Donald Trump won a standing ovation from hundreds of Christian conservatives who came to New York City Tuesday with a skeptical but willing attitude toward a man who has divided their group with comments on wormen, immigrants and Islam. In his comments the presumptive GOP nominee vowed to end the decades-old ban on tax-exempt groups’ — including churches — politicking, said religious liberty is “the #1 question,” and said he’d appoint anti-abortion Supreme Court justices.
“I think maybe that will be my greatest contribution to Christianity — and other religions, is to allow you, when you talk religious liberty, to go and speak openly and if you like somebody or want somebody to represent you, you should have the right to do it,” Trump said. A ban was put in place by Lyndon Johnson on tax-exempt groups making explicit political endorsements. Religious leaders in America today, Trump said, “are petrified.”
As president, he said, he’d work on things including: “freeing up your religion, freeing up your thoughts. You talk about religious liberty and religious freedom, you don’t have any religious freedom if you think about it,” he told the group, which broke in many times with applause.
Throughout the talk Trump emphasized that America was hurting for what he described as Christianity’s slide to become “weaker, weaker, weaker.” He said he’d get department store employees to say “Merry Christmas” and would fight restrictions on public employees such as public school coaches from being allowed to lead sectarian prayer on the field.
The audience included leaders and founders of many segments of the Christian Right, the evangelical movement that began in the 1970s under people including the late Jerry Falwell. Among those present and involved in the program Tuesday were Focus on the Family founder James Dobson (who is no longer with that group), former Christian Coalition head Ralph Reed and evangelist Franklin Graham (son of evangelical icon Billy Graham).
While polls show that the majority of white evangelicals — who make up about a fifth of the country — are favorable towards Trump, his campaign has bitterly divided Christian conservatives in general. Those who oppose him do so strongly, and later Tuesday a separate group of conservatives — including leading evangelicals — were meeting to strategize about a possible third candidate. Some leading Christian conservatives used the meeting to speak out against Trump and his comments about immigrants, women, Muslims and others.
“This meeting marks the end of the Christian Right,” Michael Farris, a national homeschooling pioneer and longtime figure of the Christian right, wrote on his Facebook page Tuesday. He noted that he was present at the first gathering of the Moral Majority in 1980. “The premise of the meeting in 1980 was that only candidates that reflected a biblical worldview and good character would gain our support. Today, a candidate whose worldview is greed and whose god is his appetites (Philippians 3) is being tacitly endorsed by this throng. … This is a day of mourning.”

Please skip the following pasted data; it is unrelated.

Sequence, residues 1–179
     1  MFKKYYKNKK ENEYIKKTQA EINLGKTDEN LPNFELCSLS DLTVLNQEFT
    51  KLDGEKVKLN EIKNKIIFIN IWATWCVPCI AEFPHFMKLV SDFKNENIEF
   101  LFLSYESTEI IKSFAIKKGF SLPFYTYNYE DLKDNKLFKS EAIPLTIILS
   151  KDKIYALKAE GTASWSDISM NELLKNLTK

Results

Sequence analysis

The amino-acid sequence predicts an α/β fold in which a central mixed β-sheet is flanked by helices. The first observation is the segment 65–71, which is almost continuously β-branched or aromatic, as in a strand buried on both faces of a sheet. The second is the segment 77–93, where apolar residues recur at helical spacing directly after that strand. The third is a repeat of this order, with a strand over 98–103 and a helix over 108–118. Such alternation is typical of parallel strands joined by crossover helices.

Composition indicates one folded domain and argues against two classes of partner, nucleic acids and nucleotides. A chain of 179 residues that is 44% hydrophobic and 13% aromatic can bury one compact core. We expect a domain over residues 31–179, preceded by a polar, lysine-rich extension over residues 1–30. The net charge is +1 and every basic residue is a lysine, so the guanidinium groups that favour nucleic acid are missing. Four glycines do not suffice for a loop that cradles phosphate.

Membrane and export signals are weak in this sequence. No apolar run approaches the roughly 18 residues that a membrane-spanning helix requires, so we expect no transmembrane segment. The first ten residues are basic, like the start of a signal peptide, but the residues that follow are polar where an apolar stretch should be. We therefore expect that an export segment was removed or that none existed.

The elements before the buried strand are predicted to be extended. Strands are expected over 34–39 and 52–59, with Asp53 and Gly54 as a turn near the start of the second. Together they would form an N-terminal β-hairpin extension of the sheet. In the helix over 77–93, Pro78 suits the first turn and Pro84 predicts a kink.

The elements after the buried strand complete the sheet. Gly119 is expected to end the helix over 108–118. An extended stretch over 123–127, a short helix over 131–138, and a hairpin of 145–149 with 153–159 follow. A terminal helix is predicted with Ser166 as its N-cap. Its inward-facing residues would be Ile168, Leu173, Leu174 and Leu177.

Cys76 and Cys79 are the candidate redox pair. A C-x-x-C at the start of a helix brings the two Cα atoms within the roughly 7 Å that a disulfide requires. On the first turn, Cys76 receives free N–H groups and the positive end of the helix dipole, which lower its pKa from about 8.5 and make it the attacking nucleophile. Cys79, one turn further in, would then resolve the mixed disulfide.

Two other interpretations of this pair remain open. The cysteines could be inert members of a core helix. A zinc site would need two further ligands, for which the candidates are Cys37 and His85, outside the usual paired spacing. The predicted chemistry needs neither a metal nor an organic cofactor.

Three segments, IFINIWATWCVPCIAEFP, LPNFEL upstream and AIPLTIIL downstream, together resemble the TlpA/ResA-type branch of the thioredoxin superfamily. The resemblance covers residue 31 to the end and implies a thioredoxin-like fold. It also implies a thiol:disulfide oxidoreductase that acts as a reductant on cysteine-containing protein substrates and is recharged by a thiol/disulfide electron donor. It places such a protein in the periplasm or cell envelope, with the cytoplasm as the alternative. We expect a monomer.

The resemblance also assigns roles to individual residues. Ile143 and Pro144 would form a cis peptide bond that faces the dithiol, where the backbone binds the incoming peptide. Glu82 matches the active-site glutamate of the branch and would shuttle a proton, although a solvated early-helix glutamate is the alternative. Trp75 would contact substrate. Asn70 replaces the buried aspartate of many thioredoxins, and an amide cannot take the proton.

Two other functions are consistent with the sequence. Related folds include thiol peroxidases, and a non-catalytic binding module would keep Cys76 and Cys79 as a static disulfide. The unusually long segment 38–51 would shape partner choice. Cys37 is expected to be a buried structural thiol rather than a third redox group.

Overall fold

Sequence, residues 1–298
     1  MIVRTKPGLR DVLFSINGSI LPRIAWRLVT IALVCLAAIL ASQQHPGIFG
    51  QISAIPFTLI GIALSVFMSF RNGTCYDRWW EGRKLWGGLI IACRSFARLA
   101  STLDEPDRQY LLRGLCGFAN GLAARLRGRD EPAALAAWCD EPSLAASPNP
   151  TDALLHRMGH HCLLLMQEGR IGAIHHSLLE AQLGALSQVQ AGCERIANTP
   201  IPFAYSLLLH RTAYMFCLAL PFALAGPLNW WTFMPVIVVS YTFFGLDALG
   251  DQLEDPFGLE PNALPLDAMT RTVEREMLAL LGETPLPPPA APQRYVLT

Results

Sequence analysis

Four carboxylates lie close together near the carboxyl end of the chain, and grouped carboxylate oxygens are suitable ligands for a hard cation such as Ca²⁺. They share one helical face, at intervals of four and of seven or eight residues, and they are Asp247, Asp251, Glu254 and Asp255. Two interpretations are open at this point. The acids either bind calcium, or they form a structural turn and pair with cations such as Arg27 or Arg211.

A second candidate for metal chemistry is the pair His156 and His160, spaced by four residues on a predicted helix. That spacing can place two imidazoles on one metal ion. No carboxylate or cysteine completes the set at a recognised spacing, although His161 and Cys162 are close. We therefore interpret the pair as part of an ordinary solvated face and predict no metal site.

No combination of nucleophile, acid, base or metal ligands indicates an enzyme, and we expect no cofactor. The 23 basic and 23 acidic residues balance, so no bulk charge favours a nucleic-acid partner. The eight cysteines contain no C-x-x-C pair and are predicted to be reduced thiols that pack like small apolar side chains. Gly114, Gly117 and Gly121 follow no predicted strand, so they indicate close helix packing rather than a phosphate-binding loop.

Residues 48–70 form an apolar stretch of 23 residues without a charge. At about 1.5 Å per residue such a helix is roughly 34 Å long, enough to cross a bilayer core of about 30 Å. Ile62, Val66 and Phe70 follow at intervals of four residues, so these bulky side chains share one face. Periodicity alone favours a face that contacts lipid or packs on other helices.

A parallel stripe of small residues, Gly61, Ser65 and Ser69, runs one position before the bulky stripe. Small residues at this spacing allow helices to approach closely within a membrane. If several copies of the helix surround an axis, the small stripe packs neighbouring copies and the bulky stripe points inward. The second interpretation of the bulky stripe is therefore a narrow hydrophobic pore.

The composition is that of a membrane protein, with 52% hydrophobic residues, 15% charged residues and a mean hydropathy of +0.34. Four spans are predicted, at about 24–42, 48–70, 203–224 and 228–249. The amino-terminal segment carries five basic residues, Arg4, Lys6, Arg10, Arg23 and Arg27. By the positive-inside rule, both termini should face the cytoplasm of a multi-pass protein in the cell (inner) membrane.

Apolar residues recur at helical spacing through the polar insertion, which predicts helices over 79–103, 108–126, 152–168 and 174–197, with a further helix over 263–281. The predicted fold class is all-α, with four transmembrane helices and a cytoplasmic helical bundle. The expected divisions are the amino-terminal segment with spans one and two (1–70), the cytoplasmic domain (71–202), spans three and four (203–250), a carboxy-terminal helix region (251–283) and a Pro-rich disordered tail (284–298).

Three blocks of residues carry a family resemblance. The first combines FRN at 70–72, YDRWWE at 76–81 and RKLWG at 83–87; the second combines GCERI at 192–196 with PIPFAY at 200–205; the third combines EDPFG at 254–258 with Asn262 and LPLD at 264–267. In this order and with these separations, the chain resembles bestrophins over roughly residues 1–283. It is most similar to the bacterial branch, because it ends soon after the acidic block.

Catholic conservative Robert George, former chair of the U.S. Commission on International Religious Freedom and a Princeton professor, declined to attend the meeting, saying while he may think even lower of Hillary Clinton, he fears Trump will “in the end, bring disgrace upon those individuals and organizations who publicly embrace him. For those of us who believe in limited government, the Rule of Law, flourishing institutions of civil society, and traditional Judeo-Christian moral principles, and who believe that our leaders must be persons of integrity and good character, this election is presenting a horrible choice. May God help us.”
Also Tuesday Hillary Clinton picked up the endorsement of Deborah Fikes, well-known for her years as a leader with the National Association of Evangelicals and the World Evangelical Alliance.
Some of those attending said the reception was very warm. Gov. Mike Huckabee, Dobson and others who spoke from the stage praised Trump and thanked him for spending time with the group.
“I believe that he came across very well as a messenger for everybody in the room, not just as a beneficiary of evangelical votes but as a fellow traveler. That’s not necessarily an easy distance for him to have traveled because people didn’t see him like that before,” said Marjorie Danenfelser of Susan B. Anthony’s List, which works to oppose abortion. “He made no missteps. There were no explosions.”
She said she couldn’t recall a candidate explicitly stating they would pursue “pro-life” justices. “They usually couch it in other words, like ‘constitutional,’ ” she said.
At the end of the event, the campaign announced an “evangelical executive board,” which included 21 names: 20 men and one woman, former Congresswoman Michele Bachmann. Others on the list included Dobson, Jerry Falwell Jr. of Liberty University and Reed.